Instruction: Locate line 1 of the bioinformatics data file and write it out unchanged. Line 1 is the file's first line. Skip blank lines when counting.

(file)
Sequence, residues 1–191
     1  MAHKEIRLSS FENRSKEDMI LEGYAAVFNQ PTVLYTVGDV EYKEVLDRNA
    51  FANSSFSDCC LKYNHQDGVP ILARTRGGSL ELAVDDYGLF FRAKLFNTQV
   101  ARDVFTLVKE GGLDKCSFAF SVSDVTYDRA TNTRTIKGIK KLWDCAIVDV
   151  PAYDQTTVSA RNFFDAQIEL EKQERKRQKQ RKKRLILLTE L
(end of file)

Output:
Sequence, residues 1–191